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Success In Intercultural Environments

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Success in Intercultural Environments

Business students in today's society are under a consistent amount of pressure. If college classroom work is not enough then the lagging economy for jobs when we graduate and the ever evolving business environment should be sufficient. The business world has no boundaries anymore. The accessibility to better business anywhere in the world is here. If a student today wants to be successful in this environment they need to learn how to communicate on a different basis than before. Different social norms exist in every continent and we need to be accepting of this, and learn how to take advantage.

In order to understand what people are saying when they speak the origin of the language needs to be known; the culture is what makes the language. Edward Sapir (1921) a structural linguist defined language as a "non instinctive, acquired, cultural function" representing a "socially inherited assemblage of practices and beliefs." In the past as well as today linguists believe that language is construct of social, professional, and organizational communities, past, present, and future (Boiarsky 1995). In and around the world different cultures have different social norms. "Saving face" is a social norm for people of the Middle East (Boiarsky 1995). This is when people of the same identity bend the truth in order to save embarrassment. Asians have a few customs to know. They are more personal and informal before making business relations. First, becoming friends before making business transactions is necessary. An American traveling to Asia might spend a few days traveling before even speaking of business. Then before the Chinese make new business they need to know "kwan shi." This is the when another business speaks well about doing business with that company by "kuchi komi," word of mouth (Boiarsky 1995).

Written communication also varies from country to country. The Chinese expect talk of good health and good fortune in the beginning of letters. These letters are written in semi-block style in order to get a more comfortable, more person effect (Boiarsky 1995). The Chinese have a greater respect for sensuality and they expect this same type of respect in return. No one knows what form the future of communication we will for to be accustomed too. Timothy Weiss (1993) a linguist thinks culture will become "hybridized," the idea that many cultures will conform to one, in turn forming the English language to one of different cultures. Weiss's assumption is that it will make the English language more flexible, to become more easily incorporated throughout the business society. This will test peoples pride and faith and will be a much rockier transaction than Weiss might think.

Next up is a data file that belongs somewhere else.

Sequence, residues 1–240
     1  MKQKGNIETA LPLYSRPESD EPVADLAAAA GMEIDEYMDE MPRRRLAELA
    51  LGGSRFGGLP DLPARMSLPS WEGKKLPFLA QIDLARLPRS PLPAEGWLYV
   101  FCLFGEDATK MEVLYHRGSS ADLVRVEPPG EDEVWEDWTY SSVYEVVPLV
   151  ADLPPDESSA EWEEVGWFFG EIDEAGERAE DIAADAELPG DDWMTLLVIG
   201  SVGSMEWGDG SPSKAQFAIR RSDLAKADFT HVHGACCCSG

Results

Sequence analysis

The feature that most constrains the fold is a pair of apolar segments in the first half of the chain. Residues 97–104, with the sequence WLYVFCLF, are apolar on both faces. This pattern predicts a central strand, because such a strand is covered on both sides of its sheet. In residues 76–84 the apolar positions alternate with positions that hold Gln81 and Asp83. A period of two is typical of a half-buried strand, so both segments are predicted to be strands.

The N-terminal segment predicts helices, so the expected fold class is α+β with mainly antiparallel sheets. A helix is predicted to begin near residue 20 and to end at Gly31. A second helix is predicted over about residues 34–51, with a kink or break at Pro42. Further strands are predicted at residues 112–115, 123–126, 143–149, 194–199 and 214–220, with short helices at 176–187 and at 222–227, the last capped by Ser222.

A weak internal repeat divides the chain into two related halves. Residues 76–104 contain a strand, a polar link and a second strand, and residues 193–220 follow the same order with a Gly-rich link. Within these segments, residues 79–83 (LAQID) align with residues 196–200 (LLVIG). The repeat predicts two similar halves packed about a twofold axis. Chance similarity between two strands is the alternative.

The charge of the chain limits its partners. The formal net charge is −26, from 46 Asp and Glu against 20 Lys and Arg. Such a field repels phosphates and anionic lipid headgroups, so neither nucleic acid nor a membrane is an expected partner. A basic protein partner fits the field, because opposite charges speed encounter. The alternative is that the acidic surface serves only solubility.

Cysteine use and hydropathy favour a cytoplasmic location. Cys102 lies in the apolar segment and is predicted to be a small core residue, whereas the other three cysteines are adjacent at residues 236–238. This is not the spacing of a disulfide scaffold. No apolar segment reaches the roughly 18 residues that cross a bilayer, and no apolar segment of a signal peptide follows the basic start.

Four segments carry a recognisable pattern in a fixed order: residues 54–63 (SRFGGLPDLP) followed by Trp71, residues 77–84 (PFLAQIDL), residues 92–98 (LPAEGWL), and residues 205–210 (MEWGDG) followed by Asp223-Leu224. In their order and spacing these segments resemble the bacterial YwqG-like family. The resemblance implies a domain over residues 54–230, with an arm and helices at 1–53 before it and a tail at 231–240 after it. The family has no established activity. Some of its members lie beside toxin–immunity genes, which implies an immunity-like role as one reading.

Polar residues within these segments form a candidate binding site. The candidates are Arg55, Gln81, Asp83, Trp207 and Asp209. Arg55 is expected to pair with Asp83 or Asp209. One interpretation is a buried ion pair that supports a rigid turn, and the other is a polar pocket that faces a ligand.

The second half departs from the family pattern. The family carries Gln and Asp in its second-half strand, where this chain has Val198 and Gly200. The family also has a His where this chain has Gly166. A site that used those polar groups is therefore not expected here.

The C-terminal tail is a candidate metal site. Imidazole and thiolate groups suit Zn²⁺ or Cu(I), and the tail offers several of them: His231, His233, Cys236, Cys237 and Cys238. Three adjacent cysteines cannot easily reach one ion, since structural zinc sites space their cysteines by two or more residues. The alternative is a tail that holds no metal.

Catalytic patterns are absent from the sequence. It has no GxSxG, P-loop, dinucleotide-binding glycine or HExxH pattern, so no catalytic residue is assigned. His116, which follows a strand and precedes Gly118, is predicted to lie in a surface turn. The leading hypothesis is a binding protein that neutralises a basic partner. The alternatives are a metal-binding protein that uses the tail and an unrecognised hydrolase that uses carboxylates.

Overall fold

When dealing with the social issues we can look back to the Romans. Merchants in the Rome era where expected to "do as the Romans do" in order to make business with the Romans (Francis 1991). The merchants and peasants believed that the similarity between them and the Romans would attract the Roman's to them and there for obtain the business. International travelers are being instilled with this same idea today when traveling abroad to different business environments. Many researches direct these rules, norms, and foreign values of these cultures so international negotiators could adopt these ideas and be successful we doing it (Francis 1991). However if someone were to come to America and loose there values and traditions just to please a firm in order to make the deal, less respect is given for doing so. Studies show that levels of attractiveness is influenced by the amount of competitiveness (Francis 1991). The more competitive we are the more we are attracted to the distinguished, and or different idea. The less competitive the more we are attracted to the more similar (Brown 1984). An example for the more competitive nature is a business transaction; a less competitive situation would be a personal relationship. Lastly in these social issues



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